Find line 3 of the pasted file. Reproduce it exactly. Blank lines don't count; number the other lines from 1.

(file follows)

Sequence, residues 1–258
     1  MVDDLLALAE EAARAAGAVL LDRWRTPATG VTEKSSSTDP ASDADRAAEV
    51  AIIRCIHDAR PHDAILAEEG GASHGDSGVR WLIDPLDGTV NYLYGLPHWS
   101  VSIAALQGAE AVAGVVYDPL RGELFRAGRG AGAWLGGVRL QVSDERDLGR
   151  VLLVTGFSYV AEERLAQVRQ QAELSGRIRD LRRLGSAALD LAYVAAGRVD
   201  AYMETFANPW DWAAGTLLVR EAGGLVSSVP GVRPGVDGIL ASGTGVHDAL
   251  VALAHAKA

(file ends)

    51  AIIRCIHDAR PHDAILAEEG GASHGDSGVR WLIDPLDGTV NYLYGLPHWS